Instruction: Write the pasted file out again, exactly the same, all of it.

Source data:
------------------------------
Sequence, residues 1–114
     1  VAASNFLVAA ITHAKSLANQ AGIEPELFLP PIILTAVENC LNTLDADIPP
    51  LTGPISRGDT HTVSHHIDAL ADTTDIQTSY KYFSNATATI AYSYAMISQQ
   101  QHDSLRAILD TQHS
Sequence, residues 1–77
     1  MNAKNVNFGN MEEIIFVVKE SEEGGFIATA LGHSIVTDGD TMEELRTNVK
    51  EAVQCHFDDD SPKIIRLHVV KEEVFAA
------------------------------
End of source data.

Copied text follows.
Sequence, residues 1–114
     1  VAASNFLVAA ITHAKSLANQ AGIEPELFLP PIILTAVENC LNTLDADIPP
    51  LTGPISRGDT HTVSHHIDAL ADTTDIQTSY KYFSNATATI AYSYAMISQQ
   101  QHDSLRAILD TQHS
Sequence, residues 1–77
     1  MNAKNVNFGN MEEIIFVVKE SEEGGFIATA LGHSIVTDGD TMEELRTNVK
    51  EAVQCHFDDD SPKIIRLHVV KEEVFAA